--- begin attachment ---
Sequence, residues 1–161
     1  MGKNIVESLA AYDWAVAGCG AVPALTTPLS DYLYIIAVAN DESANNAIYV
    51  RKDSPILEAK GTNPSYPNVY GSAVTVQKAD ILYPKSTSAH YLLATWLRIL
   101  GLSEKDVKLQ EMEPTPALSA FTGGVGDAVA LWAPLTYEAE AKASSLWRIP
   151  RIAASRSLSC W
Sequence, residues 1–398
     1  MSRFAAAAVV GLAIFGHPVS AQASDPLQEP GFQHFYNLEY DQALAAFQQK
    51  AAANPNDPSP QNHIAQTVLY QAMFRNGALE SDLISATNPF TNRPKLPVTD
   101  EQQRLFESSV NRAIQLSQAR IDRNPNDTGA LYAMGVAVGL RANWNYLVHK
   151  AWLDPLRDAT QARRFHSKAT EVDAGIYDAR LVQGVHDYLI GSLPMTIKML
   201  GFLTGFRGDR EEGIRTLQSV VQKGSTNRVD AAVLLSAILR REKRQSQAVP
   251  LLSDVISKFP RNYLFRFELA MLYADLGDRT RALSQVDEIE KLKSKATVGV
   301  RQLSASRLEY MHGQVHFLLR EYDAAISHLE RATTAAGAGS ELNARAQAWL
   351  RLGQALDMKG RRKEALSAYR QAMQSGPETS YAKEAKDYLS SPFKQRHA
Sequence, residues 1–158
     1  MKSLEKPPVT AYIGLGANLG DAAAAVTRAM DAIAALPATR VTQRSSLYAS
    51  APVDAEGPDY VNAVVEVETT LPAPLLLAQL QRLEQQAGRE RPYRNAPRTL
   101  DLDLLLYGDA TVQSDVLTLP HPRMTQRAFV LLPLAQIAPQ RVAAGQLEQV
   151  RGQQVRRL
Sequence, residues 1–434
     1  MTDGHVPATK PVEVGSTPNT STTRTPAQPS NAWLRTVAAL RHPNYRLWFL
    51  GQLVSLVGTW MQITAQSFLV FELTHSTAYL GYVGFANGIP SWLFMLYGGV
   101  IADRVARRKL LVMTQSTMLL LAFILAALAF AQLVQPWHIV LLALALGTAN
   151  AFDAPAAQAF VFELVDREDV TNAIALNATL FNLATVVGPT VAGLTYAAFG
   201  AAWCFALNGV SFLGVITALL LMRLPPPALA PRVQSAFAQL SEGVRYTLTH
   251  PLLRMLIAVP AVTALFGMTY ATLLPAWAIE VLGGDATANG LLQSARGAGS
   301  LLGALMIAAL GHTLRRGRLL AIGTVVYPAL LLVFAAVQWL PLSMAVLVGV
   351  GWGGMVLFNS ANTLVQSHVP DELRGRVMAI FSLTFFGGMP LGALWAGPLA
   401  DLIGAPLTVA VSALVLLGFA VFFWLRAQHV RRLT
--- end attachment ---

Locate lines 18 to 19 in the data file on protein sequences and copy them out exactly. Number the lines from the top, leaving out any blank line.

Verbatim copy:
   101  DLDLLLYGDA TVQSDVLTLP HPRMTQRAFV LLPLAQIAPQ RVAAGQLEQV
   151  RGQQVRRL